"The few, the proud, the profitable" could be Genentech's motto. One of the world's oldest and most successful biotechs (in an industry full of money-losers), the firm has a number of blockbuster cancer therapies based on its antibody (protein) technologies. Its oncology portfolio contains Rituxan (non-Hodgkin's lymphoma), Avastin (colorectal and lung cancers), Herceptin (breast cancer), Tarceva (lung cancer), Xeloda (metastatic colorectal cancer), and Zelboraf (inoperable melanoma). Other marketed drugs include age-related macular degeneration treatment Lucentis, human growth hormone Nutropin, cystic fibrosis drug Pulmozyme, and asthma drug Xolair. Genentech is wholly owned by Swiss drugmaker Roche.
Roche's control of Genentech places the larger drugmaker in the fast lane of biopharmaceuticals. Roche depends on Genentech's creative and successful research organization to keep its drug pipeline full of promising new biotech drugs, thus relieving stress from patent-expiration pressures in its existing product lineup.
Since taking full ownership of Genentech (previously a majority owned subsidiary) in 2009, Roche has cut expenses by combining the two companies' global manufacturing and supply networks and by integrating the research, marketing, and administrative operations in the US, while at the same time working to maintain Genentech's innovative identity and culture. Genentech's San Francisco office is now the primary administrative and marketing headquarters for Roche in the US and has taken over US sales efforts for Roche products including Tamiflu (influenza), Pegasys (hepatitis), CellCept (transplants), and Xeloda (colorectal cancer). The company's products are distributed through wholesalers including AmerisourceBergen, McKesson, and Cardinal Health. In international markets its products are primarily marketed through parent Roche's global sales force and distribution network.
Instead of acquisitions, Genentech has traditionally relied on its own internal efforts (sometimes with research partners) to develop and commercialize new drugs, and this strategy has remained in place following the Roche takeover. More than half of its commercial product sales, as well as a majority of development projects, relate to oncology. The company's development-stage pharmaceuticals in clinical trials include personalised medicines for treating various cancers, including skin cancers and breast cancer, and such ailments as lupus, arthritis, asthma, diabetes, and Alzheimer's disease. Genentech has development partnerships with a number of firms including Seattle Genetics (cancers), NovImmune (autoimmune diseases), and Adimab (antibody studies).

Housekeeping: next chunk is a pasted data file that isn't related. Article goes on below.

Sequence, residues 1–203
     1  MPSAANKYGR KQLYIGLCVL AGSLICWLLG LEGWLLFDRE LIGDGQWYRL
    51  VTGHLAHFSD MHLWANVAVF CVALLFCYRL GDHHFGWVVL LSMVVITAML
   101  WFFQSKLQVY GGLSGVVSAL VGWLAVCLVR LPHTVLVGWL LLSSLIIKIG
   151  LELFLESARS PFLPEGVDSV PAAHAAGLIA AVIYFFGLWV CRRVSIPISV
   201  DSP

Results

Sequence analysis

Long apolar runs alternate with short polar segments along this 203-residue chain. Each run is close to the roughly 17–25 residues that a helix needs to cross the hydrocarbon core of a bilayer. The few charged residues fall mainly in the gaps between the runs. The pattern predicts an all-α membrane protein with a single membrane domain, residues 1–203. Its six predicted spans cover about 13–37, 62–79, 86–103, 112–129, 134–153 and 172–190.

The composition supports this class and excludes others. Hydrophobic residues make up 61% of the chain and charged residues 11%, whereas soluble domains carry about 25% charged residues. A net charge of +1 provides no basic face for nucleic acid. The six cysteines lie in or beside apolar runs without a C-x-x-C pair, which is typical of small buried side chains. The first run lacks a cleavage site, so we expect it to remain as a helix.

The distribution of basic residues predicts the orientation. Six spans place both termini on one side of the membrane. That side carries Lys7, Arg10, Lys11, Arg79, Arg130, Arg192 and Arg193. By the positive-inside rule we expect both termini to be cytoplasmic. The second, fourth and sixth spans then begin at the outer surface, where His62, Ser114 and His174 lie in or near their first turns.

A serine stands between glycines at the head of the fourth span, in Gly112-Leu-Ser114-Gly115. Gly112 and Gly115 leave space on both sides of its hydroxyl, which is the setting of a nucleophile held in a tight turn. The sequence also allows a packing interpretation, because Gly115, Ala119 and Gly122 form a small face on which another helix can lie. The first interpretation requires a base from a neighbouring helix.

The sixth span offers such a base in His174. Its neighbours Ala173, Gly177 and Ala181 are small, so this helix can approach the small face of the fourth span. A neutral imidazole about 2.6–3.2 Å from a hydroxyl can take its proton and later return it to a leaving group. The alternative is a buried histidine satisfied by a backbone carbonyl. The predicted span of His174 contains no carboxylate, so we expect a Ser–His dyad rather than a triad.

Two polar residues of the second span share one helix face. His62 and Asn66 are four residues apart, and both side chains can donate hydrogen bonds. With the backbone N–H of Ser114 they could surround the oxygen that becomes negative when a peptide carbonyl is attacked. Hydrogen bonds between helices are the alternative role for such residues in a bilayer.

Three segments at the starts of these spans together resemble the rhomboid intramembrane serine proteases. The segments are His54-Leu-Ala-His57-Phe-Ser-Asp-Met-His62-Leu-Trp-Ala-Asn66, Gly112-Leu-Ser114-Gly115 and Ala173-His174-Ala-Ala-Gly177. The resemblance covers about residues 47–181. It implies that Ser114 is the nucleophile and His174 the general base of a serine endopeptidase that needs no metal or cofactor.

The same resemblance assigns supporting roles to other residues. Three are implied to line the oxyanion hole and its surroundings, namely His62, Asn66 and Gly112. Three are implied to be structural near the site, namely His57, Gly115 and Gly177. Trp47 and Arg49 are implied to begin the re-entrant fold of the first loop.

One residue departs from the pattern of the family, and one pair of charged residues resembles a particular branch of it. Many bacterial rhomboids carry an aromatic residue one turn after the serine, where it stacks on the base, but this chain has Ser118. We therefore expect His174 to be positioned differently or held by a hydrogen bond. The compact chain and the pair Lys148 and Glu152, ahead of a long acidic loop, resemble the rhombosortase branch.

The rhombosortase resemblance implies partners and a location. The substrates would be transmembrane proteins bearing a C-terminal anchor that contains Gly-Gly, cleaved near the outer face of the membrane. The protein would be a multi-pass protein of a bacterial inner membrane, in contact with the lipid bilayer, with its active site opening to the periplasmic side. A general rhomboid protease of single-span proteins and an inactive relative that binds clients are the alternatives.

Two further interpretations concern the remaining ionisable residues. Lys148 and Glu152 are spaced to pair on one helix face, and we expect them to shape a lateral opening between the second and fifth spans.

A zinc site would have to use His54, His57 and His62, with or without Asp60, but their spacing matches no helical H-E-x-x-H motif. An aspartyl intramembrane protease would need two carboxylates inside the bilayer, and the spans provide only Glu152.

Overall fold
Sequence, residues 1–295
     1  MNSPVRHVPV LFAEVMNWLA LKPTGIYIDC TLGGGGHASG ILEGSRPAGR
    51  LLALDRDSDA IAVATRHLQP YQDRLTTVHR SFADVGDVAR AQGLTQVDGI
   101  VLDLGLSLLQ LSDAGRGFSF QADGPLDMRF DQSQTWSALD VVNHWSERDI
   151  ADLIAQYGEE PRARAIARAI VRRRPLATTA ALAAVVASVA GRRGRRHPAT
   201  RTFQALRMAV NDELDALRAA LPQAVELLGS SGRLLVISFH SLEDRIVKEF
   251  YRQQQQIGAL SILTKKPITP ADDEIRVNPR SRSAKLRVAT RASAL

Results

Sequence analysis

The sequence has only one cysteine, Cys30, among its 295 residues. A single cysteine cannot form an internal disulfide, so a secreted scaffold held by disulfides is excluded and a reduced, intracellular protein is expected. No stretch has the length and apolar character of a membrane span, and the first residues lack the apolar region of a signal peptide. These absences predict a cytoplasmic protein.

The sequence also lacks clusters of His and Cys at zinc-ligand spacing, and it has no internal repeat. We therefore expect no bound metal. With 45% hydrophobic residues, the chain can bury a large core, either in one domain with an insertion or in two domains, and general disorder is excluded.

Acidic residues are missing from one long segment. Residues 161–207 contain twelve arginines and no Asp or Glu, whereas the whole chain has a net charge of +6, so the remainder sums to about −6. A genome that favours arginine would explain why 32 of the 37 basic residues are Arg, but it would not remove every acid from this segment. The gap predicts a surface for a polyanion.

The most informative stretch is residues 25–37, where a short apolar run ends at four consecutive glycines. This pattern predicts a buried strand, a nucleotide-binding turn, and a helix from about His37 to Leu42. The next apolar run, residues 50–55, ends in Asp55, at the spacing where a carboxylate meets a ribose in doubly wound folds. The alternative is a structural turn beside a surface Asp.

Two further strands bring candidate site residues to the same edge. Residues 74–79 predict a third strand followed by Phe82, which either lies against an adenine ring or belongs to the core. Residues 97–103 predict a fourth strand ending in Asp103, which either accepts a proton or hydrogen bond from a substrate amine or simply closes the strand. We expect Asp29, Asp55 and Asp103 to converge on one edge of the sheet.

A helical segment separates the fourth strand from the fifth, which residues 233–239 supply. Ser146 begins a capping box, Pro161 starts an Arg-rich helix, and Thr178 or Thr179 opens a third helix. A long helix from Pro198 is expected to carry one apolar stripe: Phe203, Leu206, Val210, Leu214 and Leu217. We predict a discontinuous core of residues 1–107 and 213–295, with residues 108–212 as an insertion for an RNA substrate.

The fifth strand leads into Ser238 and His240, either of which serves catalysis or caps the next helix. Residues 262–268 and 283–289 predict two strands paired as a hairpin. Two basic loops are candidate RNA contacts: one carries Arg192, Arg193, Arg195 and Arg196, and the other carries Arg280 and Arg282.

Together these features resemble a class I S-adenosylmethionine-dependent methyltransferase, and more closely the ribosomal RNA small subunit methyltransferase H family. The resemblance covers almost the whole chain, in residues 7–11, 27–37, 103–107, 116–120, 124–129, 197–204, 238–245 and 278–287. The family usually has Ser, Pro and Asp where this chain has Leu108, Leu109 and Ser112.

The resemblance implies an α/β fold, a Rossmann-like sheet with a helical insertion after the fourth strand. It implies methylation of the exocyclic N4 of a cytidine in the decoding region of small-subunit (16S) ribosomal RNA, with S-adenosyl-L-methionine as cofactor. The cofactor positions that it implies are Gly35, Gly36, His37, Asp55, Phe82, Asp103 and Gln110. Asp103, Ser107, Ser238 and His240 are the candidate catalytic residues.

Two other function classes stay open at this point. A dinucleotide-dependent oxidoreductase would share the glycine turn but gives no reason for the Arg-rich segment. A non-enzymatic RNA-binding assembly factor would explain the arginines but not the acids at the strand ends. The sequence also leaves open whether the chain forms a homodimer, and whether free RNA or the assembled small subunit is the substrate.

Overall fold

Recent R&D successes include Zelboraf, Genentech's personalized medicine for treating inoperable or metastatic melanoma (skin cancer) that was approved by the FDA in 2011; concurrently, a related diagnostic test developed by Roche was approved. In addition, in 2012 the company received FDA approval for another promising new personalized breast cancer drug, Perjeta, which is a combination drug used alongside Herceptin and traditional cancer drug docetaxel; it also launched is Erivedge drug for advanced cases of basal cell carcinoma.
While its long-term success depends on its ability to develop novel compounds (especially as older drugs lose patent protection), Genentech is also seeking shorter-term success by boosting commercialization efforts for existing top sellers, including Avastin, Rituxan (known internationally as MabThera), and Lucentis. Part of the company's success comes from its efforts to expand the number of approved uses of its marketed drugs. For example, in 2012 Lucentis was approved for the additional indication of diabetic macular edema treatment, and in 2011 Rituxan received approval to treat follicular lymphoma and vasculitis (blood vessel inflammation). Also in 2011 rheumatoid arthritis treatment Actemra (co-developed with Roche-controlled Chugai Pharmaceutical) gained further FDA approvals for joint ailments including a rare childhood condition, systemic juvenile idiopathic arthritis. Other Genentech R&D programs are testing therapy regimens using combinations of existing drugs (often referred to as cocktail therapies) for new applications in treating cancers.
Genentech is expanding its manufacturing capacity by adding on to existing facilities and through new facility construction efforts. For instance, it is constructing a new bulk drug manufacturing facility in Singapore (which will become part of the Roche global network of plants), and it is building a new fill and finish packaging facility in Hillsboro, Oregon. However, some US expansion efforts have been discontinued due to the Roche integration efforts.
Roche, which previously owned a majority stake in Genentech, made the company a wholly owned subsidiary in 2009 when it purchased the 44% of Genentech that it did not already own for about $47 billion. Through its 33% stake in Roche, Novartis is an indirect shareholder in Genentech. Novartis holds international licensing rights for Xolair and Lucentis (Genentech holds commercial rights in the US).